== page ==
Fresh sockeye salmon, also called red salmon, is displayed on ice in July at Anchorage's New Sagaya City Market. A big sockeye harvest, dominated by a record-high return in Bristol Bay, offset some diminished harvests of other salmon, leaving the total statewide harvest in 2022 close to the long-term average, according to a state summary. (Photo by Yereth Rosen/Alaska Beacon)
The trends in Alaska salmon headed in opposite directions in 2022, sometimes extremely so, but ended up meeting in the middle. The total commercial salmon harvest for the year wound up being close to historic averages for total fish and value, according to a preliminary summary report released by the Alaska Department of Fish and Game.
The total commercial harvest of all salmon species was 160.7 million fish, a little less than the long-term average of 167 million, said the summary report, released on Thursday.
The total ex-vessel value – the amount paid directly to harvesters prior to processing – was $720.4 million, an increase from the $643.9 million total reported for 2021. Without adjustment for inflation, the 2022 total ex-value total is among the highest in Alaska history, but adjustments for inflation bring that total down to about the median for the harvests reported since 1975, the Fish and Game report said.
Harvests of high-priced sockeye salmon were particularly strong in 2022, affecting the totals.
The statewide sockeye salmon harvest of 74.8 million fish was a record high, driven by the record return in the Bristol Bay region, according to the Fish and Game summary report. Sockeye salmon accounted for two-thirds of the total value of the state’s 2022 salmon harvest, the report said.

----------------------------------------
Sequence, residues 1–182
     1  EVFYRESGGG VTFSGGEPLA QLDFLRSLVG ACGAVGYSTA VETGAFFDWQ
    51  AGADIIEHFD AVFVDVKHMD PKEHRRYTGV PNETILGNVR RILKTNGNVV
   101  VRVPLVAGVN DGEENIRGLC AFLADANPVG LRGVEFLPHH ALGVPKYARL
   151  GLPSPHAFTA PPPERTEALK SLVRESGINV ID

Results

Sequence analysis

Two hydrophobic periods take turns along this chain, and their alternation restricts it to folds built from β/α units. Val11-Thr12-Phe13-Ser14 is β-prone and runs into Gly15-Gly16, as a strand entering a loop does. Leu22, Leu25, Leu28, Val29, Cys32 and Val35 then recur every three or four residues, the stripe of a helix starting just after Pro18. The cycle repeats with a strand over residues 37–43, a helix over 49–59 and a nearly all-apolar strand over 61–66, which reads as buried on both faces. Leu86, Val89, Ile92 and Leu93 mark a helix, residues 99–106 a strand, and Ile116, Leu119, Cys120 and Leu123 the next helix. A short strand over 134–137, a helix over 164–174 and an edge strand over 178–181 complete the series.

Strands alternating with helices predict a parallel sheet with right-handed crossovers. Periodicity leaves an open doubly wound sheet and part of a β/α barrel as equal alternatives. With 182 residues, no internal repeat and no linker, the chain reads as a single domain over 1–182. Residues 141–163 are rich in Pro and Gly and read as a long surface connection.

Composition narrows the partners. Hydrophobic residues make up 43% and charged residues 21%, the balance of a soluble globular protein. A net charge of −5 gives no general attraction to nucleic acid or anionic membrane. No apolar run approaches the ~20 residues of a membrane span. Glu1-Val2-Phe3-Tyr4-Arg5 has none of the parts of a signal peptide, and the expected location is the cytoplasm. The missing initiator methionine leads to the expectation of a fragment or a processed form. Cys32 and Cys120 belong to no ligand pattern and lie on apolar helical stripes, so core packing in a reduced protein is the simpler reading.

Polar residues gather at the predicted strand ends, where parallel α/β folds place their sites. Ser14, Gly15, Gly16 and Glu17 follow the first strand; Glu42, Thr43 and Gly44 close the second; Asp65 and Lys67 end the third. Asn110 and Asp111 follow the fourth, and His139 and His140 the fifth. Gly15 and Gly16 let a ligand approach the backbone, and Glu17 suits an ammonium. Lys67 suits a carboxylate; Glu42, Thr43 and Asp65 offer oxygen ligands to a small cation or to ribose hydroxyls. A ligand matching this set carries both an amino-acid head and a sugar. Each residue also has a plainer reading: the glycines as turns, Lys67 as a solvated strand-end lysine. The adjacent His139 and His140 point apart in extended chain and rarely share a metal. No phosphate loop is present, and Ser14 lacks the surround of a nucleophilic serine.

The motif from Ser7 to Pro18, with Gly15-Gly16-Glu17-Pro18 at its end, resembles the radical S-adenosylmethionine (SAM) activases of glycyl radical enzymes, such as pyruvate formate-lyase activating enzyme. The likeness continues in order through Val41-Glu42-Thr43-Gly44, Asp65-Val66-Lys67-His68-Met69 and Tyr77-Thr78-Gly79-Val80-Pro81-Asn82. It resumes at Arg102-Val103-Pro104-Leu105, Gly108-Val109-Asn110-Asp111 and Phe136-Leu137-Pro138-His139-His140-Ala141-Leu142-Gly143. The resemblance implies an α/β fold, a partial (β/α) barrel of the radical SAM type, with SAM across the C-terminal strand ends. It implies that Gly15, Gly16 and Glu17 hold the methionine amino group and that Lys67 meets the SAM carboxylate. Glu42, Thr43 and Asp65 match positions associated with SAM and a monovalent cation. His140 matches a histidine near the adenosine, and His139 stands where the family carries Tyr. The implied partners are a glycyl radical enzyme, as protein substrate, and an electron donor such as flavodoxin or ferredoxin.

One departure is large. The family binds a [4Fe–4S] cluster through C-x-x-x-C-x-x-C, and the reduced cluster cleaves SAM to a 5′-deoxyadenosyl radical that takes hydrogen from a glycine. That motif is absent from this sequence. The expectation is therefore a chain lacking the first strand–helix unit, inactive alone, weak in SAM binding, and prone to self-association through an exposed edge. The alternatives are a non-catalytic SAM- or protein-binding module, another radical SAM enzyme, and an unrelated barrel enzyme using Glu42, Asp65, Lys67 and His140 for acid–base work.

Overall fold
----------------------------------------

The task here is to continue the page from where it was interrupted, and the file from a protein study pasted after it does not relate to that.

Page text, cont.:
At the same time, the report said, there were no commercial harvests of any salmon species in areas where the salmon runs collapsed — the Yukon and Kuskokwim rivers. Salmon runs in those rivers were so abysmal that even subsistence fishing, the harvesting of salmon for basic food needs by village residents, was sparse.
This year’s total Alaska commercial harvest of pink salmon, the cheapest and normally the most plentiful of the state’s five salmon species, was less than half that of last year, 69.1 million fish compared to 161 million fish in 2021. That reduction in some ways reflects the natural population cycles for pink salmon, which have two-year lives, the report said. Even-numbered-year returns and harvests of pink salmon are generally lower than those in odd-numbered years.
The total 2022 harvest, including the breakdown among sockeye and pink salmon, was almost exactly what had been forecast by the department this spring.
A more detailed review of the 2022 commercial salmon season will be included in the 2023 harvest forecast expected next spring.
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